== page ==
Tru’s Executive Chef Tim Graham creates explosions of flavor when he plays in the kitchen.
“Here we have an artichoke consommé, with cucumber, turnip, mustard and peanut oil, paired with an Osborne Manzanilla (sherry),” he explained to us, a group of food bloggers and traditional media folks sitting at his kitchen table.
The kitchen table is just what it sounds like, an exclusive number of seats right at the epicenter of the restaurant. I was there Monday night as a guest of the Sherry Council of America, and the order of the evening was to learn about sherry.
It turns out that sherry isn’t just an after-dinner drink. Much like other types of wine, it is often at its best when paired with food.
Graham partnered with Tru’s Wine Director Chad Ellegood to prove that point, and they pieced together a five-course meal with a progression of sherry pairings.
“Cucumber, turnip, mustard and peanut oil? You wouldn’t think that would go together,” one of my fellow diners commented.
“Oh! I found that (combination) on a Belgian Web site,” Graham responded gleefully. “I didn’t think it would work at first either.”
But it really does. And so did the other pairings, some of which are currently on Tru’s menu. Most of what we tried was experimental though, and I hope that these pairings find a more permanent home.
“I like a challenge,” said Graham of creating just the right dish for the pairing. “I was happy to do this.”
Hats off to him for his creativity and effort. I truly appreciate it, especially when other restaurants in the city (namely Alinea) turned down the opportunity to do the same thing. For me, food and wine pairing is, and should be, a learning experience, and I’m glad to know that Tru has an honest interest in helping diners expand and develop their palates.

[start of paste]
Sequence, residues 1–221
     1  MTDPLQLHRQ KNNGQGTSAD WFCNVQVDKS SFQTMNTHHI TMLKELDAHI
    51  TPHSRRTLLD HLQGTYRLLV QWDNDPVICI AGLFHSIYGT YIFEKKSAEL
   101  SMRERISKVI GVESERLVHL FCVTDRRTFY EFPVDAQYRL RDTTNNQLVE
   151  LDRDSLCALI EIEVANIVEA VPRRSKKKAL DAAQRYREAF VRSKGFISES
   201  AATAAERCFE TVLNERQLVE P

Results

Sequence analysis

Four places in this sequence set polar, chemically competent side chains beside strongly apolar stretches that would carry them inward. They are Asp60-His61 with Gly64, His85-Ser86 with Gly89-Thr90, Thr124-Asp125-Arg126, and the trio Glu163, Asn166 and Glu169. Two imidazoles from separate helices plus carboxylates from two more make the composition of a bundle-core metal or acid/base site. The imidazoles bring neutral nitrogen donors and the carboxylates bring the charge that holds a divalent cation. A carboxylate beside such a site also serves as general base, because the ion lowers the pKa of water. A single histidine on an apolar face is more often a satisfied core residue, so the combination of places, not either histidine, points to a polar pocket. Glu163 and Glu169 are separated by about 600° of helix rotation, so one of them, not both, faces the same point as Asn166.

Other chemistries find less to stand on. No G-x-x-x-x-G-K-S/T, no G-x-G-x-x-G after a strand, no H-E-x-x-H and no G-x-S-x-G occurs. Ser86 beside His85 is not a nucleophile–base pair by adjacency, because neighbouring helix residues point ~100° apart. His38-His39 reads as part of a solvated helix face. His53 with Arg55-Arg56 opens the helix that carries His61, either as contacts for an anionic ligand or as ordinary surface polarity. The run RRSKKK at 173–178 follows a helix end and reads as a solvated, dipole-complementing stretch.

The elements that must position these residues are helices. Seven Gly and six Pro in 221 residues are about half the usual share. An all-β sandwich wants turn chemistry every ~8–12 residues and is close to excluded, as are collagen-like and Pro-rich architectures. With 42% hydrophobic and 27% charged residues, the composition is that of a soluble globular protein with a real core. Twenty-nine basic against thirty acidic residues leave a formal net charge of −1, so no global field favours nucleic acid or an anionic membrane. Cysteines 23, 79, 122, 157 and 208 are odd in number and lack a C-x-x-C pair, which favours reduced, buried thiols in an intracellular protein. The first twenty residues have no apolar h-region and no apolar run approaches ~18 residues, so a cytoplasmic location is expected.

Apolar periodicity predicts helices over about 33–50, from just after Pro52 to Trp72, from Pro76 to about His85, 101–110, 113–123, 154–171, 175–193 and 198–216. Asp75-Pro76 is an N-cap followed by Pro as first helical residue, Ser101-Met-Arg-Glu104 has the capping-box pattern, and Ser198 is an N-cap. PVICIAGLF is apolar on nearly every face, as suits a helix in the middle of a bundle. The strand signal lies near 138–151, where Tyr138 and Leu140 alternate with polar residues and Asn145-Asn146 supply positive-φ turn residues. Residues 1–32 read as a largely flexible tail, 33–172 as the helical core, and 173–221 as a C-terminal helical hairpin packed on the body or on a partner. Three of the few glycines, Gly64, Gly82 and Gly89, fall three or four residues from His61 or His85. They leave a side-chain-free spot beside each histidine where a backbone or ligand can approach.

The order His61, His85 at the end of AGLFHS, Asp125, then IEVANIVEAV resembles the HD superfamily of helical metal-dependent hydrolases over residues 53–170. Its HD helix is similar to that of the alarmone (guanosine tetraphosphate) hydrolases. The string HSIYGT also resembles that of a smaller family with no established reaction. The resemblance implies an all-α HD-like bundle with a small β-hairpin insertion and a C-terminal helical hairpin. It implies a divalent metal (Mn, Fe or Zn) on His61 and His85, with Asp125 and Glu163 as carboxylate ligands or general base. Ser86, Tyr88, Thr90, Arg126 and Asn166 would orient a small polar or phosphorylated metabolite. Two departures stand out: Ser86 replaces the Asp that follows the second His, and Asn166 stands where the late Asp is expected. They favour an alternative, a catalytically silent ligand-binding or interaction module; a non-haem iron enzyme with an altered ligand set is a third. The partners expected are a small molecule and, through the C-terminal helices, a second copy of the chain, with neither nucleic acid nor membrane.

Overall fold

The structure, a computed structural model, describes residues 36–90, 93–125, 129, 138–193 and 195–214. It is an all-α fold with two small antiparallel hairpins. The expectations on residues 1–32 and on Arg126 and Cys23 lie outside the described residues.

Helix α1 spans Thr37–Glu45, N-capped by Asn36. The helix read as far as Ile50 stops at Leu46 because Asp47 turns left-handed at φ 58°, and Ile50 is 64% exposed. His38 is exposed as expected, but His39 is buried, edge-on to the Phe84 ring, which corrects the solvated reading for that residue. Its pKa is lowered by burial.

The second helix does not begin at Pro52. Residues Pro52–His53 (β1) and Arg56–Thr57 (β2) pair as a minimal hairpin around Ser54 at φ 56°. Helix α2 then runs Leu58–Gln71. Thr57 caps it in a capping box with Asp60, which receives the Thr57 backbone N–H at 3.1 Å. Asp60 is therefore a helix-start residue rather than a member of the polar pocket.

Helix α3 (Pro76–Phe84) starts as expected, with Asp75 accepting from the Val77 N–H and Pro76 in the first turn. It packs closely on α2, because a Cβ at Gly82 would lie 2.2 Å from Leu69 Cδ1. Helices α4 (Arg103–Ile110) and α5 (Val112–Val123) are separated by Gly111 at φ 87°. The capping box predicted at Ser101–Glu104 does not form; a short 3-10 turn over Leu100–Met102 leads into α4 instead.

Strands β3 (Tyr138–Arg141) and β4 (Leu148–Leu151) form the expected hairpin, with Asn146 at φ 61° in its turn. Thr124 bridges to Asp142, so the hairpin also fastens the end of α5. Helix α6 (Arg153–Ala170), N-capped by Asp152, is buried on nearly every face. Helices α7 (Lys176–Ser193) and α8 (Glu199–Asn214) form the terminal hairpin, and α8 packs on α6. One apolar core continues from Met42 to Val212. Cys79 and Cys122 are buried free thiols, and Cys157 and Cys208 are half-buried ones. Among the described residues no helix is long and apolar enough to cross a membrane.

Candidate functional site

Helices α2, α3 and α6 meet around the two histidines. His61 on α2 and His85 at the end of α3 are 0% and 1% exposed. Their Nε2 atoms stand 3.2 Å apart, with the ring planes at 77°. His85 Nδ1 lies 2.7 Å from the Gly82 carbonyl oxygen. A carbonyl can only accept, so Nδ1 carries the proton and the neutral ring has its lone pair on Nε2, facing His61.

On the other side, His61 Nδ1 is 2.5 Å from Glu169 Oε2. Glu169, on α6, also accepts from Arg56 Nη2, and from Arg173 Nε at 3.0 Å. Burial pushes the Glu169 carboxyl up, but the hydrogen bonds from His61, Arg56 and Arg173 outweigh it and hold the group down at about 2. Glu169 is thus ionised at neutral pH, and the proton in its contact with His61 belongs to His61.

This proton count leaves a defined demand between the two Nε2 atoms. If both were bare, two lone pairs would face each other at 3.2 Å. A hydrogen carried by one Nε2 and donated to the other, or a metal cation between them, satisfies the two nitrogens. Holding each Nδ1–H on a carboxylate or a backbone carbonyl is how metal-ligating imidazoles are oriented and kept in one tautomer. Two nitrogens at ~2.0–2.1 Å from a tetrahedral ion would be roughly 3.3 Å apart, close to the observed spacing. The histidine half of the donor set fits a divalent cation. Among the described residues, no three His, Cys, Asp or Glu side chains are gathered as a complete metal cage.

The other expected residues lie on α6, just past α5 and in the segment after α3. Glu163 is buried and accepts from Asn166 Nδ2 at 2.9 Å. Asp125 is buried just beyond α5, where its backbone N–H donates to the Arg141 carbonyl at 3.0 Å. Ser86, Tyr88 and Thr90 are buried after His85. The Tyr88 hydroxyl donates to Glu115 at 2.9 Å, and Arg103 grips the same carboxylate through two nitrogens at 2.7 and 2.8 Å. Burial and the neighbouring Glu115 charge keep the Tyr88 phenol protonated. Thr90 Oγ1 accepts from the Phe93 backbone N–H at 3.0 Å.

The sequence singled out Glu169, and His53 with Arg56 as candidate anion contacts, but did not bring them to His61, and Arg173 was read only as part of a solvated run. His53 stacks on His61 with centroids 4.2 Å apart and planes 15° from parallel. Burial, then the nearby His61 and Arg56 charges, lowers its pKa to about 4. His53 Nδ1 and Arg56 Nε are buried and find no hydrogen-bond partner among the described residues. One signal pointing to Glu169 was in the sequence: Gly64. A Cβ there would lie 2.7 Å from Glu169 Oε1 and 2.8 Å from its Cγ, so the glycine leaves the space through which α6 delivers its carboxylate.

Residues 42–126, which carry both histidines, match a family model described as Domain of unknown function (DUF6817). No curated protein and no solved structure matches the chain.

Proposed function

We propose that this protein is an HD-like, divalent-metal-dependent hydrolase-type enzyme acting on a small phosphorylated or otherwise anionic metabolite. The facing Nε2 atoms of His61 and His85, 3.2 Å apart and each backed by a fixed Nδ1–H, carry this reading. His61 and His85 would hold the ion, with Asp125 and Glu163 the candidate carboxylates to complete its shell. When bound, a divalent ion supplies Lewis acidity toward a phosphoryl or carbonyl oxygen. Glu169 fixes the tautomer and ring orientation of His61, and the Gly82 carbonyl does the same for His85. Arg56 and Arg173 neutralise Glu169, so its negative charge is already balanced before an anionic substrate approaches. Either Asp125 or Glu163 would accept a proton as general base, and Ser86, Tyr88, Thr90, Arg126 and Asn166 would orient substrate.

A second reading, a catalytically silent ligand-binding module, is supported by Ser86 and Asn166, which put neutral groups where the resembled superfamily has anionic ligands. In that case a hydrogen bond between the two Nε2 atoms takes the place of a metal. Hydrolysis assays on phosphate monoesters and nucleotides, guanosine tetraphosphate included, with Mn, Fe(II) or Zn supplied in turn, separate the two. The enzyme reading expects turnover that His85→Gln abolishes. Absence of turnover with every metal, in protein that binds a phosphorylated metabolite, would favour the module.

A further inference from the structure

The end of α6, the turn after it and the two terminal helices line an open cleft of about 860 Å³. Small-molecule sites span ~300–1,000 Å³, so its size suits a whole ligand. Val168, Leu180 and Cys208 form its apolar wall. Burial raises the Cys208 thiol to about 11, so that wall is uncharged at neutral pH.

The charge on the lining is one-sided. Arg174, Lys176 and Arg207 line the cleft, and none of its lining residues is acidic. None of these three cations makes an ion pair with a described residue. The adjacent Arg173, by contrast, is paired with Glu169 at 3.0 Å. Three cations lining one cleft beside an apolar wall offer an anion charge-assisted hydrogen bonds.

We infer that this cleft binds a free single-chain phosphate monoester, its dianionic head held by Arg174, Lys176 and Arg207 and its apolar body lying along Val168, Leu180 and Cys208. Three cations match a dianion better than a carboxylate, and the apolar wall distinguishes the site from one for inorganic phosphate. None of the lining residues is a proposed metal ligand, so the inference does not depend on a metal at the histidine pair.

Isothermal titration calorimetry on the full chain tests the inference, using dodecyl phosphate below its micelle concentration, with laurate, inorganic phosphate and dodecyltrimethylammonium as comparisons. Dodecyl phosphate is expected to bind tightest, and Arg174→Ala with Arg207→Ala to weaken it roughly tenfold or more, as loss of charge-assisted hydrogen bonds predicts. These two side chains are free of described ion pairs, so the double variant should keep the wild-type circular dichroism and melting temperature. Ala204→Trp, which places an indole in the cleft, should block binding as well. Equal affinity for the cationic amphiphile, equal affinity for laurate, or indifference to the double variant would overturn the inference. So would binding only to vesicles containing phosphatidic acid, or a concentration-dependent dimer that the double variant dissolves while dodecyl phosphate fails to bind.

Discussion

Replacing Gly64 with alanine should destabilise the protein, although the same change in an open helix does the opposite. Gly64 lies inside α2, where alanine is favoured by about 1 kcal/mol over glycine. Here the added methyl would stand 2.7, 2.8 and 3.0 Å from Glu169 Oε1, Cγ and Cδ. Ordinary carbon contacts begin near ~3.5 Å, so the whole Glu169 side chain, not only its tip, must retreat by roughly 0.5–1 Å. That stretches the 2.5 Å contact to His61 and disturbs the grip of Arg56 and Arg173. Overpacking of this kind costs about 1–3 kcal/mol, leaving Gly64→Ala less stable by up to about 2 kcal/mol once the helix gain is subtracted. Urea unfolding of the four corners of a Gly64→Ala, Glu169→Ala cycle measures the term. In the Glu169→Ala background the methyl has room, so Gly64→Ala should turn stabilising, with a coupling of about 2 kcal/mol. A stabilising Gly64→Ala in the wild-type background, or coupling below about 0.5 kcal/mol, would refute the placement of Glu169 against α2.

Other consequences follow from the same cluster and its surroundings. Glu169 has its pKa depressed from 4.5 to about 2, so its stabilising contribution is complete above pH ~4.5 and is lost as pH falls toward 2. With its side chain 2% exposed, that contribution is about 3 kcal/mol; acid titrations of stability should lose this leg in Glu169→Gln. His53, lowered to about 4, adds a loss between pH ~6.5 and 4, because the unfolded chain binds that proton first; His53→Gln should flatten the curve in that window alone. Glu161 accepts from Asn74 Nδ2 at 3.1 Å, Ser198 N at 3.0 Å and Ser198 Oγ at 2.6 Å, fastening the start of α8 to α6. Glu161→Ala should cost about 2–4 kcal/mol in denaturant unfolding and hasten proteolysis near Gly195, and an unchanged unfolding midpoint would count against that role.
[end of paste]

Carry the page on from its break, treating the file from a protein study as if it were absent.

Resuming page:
Sure, any media dinner is ultimately about sales, but this one was just as much about education and a shared passion for quality food. It was truly a delightful night. For a play-by-play of each course, check out Joleen’s entry on What’s Cookin’ Chicago. She gives a nice recap.
I was also happy to learn that the kitchen staff at Tru is so much fun! A serious restaurant warrants a serious kitchen to be sure, but I won’t soon forget the convivial atmosphere I discovered there. In fact, when I snapped this photo (left), it was accompanied by a number of shout-outs that the subject show me his tats (he did).
Now, are you interested in trying some sherry? If you are a port lover like me you really should! Here is a collection of sherry tidbits I garnered throughout the evening. I’m far from an expert, but this should be enough to wet your whistle.
- Serve sherry in a white wine glass. It sends the subtle signal that it can go with anything.
- Wondering what the difference is between sherry and port? Port is from Portugal and sherry is from Spain, specifically a region called DO Jerez.
- Sherry can be very dry, and the varieties that are lighter in color, like Fino and Manzanilla, pair beautifully with tapas, seafood, and sharp cheeses. But sip slowly! Sherry is fortified, and its strength can sneak up on you.
- Sherry is ready to drink when it’s bottled. Once it’s open, most varieties are good for roughly a week in the fridge. Don’t like what you taste when you order sherry at a restaurant? Ask your waiter how long the bottle has been open.
- The darker the sherry, the sweeter it is. My personal favorite? The 20 year pedro ximenez. It tastes like golden raisins!